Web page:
- Pinhole glasses, also known as stenopeic glasses, are eyeglasses with a series of pinhole-sized perforations filling an opaque sheet of plastic in place of each lens.
- Similar to the workings of a pinhole camera, each perforation allows only a very narrow beam of light to enter the eye which reduces the size of the circle of confusion on the retina and increases depth of field. In eyes with refractive error, the result is often a clearer image.
- Unlike conventional prescription glasses, pinhole glasses produce a clear image without the pincushion effect around the edges (which makes straight lines appear curved). While pinhole glasses are useful for people who are both near- and far-sighted, they are not recommended for people with over 6 diopters of myopia.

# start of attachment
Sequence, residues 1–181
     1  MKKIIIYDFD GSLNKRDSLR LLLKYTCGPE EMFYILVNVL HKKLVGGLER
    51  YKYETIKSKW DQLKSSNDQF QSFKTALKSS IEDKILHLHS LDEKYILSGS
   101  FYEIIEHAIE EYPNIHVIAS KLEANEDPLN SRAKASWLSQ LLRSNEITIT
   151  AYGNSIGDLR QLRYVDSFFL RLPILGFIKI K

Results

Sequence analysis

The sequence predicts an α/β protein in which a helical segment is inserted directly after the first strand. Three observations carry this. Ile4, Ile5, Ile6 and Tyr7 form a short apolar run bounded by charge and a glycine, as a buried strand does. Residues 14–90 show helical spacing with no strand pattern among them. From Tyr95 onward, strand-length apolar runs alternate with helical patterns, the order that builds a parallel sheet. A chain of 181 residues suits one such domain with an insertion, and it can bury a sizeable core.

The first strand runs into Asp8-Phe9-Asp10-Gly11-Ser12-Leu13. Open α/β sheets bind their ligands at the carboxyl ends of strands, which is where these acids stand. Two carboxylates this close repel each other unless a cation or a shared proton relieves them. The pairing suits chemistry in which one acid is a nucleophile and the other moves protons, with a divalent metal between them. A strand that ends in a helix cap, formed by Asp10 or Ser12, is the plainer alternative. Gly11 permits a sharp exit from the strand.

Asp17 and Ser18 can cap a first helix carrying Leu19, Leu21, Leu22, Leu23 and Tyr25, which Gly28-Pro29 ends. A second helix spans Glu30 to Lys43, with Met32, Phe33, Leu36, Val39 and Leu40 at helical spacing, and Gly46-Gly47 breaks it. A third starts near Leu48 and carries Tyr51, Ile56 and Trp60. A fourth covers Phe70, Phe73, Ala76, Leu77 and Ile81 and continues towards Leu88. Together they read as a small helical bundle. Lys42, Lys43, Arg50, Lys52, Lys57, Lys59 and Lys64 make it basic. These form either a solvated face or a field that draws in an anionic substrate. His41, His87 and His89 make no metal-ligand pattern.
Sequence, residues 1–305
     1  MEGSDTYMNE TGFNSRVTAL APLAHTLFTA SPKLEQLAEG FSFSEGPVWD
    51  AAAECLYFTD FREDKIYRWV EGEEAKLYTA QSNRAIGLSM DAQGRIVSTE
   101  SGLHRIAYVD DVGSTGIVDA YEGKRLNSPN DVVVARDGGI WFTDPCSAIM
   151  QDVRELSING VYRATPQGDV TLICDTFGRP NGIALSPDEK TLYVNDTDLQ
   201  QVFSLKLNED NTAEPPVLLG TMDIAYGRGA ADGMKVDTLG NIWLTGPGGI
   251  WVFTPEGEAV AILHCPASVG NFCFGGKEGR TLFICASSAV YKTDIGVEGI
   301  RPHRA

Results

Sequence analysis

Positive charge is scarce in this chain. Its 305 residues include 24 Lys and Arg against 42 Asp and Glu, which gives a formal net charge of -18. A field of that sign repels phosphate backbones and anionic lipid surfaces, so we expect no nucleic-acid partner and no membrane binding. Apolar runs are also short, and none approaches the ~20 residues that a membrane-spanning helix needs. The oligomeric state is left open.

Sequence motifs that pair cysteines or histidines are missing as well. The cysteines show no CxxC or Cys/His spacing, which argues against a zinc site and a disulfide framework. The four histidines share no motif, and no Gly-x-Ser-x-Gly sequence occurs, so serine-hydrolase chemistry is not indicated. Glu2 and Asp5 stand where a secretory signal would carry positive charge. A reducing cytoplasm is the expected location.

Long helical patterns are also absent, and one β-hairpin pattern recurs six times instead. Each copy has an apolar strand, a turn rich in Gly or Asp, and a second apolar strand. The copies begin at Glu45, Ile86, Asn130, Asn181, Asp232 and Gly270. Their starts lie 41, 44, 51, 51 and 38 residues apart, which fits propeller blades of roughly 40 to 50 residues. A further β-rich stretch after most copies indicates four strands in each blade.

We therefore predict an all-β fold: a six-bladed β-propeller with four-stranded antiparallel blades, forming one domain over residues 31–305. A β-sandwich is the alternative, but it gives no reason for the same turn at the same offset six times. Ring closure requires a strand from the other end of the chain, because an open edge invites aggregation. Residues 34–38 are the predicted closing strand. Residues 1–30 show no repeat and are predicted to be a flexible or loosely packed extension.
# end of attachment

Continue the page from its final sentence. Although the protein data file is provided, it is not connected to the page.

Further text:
- Additionally, pinhole glasses reduce brightness and peripheral vision, and thus should not be used for driving or when operating machinery.
The pinhole occluder, a device used by ophthalmologists for diagnosis of refractive errors, works on the same principles, but is not intended for use outside of diagnosis.
As viewing through a pinhole can much improve clarity of vision of people with refractive error, in an emergency a clear view can sometimes be obtained by looking through a single improvised pinhole.
How Insta Focus Pinhole Glasses Work